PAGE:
"...allowing machines and products to communicate with each other in the Internet of Things."
A Revolution In Production -- Processes that manage themselves. Products that tell machines what to do next: the next industrial revolution will open up completely new possibilities for the manufacturing industry. A new type of production is about to turn the industrial world on its head. In fact, such is its potential impact that industry experts are already talking about the next industrial revolution, calling it Industry 4.0. Central to this revolution are cyber-physical production systems that synergize conventional production technology and IT, allowing machines and products to communicate with each other in the Internet of Things.
Gibson Guitar to Pay Fine Over Wood Imports -- Gibson Guitar Corp. agreed to pay a $300,000 fine to resolve a federal criminal investigation into allegations that it illegally imported wood from Madagascar and India, in a case that has fanned debate about whether the strict enforcement of a century-old conservation law poses a threat to jobs. The case grabbed national attention nearly a year ago after agents from the U.S. Fish & Wildlife Service raided Gibson, seizing raw materials and nearly 100 guitars and shutting down production at the Nashville, Tenn.-based company, whose guitars are used by musicians including B.B. King and AC/DC's Angus Young.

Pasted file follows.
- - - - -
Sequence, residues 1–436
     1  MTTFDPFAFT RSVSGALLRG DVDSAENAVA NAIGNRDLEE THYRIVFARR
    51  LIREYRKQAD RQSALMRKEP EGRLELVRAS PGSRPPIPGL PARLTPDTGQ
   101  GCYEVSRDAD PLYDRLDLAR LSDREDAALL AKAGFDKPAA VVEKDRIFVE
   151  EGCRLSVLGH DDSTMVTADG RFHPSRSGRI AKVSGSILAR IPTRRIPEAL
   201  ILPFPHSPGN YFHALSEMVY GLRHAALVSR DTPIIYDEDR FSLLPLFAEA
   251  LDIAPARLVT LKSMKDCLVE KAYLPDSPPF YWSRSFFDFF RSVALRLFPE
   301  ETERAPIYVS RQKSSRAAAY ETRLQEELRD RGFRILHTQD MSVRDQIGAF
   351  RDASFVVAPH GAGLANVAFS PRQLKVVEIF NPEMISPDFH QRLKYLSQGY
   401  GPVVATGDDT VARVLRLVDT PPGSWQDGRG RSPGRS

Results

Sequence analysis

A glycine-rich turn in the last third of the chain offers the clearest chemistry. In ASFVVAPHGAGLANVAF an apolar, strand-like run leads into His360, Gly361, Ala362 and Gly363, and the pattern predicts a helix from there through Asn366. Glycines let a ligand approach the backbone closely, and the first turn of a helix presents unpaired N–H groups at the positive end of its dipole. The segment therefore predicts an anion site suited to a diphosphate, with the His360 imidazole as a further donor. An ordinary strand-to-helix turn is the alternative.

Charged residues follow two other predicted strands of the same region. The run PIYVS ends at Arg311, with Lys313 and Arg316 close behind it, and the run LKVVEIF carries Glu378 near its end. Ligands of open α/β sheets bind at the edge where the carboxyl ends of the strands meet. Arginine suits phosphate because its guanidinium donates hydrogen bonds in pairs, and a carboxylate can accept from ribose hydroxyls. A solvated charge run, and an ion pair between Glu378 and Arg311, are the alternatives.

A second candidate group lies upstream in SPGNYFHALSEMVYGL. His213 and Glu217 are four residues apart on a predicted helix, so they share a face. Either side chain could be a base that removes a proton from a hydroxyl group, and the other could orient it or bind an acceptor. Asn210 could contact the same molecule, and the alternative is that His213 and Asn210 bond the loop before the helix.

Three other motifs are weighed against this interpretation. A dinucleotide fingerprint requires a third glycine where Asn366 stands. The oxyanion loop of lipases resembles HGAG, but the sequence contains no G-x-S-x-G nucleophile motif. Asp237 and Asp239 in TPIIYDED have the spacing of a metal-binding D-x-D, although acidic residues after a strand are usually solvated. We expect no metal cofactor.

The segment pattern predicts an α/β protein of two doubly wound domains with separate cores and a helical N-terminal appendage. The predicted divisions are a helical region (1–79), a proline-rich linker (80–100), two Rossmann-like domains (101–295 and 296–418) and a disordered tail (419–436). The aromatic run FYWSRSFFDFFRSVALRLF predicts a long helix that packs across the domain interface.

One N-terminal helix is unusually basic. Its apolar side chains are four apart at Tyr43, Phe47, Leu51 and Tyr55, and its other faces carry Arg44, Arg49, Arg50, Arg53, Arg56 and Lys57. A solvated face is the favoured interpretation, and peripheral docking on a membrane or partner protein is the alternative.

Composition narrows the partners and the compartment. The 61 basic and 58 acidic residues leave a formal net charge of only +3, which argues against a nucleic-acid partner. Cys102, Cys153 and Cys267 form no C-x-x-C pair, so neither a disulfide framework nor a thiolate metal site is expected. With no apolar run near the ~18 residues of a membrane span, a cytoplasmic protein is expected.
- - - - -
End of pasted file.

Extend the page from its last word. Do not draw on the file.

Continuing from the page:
Can't finish your meal? Get out your wallet (and not to pay the tab).
Saudi restaurant fines diners who do not finish their food -- Dammam - The restaurant is charging customers who fail to eat everything on their plates, claiming that wasting food is contrary to the principles of Islam. Not everyone sees it that way. Many children have been told that they have to clean their plates because people in other parts of the world go to bed hungry. But a restaurant in Dammam, located in the Eastern Province of Saudi Arabia, has taken action against those who do not completely finish their meal. Customers who order more than they can eat are fined.
Google makes its OWN YouTube app.
Apple to Pull YouTube App From Devices -- The Cupertino, Calif., company said Monday that its license for YouTube has expired, meaning the app will no longer be included in the next version of its mobile operating system, iOS 6. That version is expected to be released to the public this fall and developers are already using it. Apple's app, which it built with a license from Google's YouTube unit and offered since the iPhone went on sale 2007, has long been pre-installed on the company's mobile devices. Google is working on its own YouTube app that will be available through Apple's app store, Apple said in a statement, adding that users will also be able to reach YouTube through Apple's Safari browser.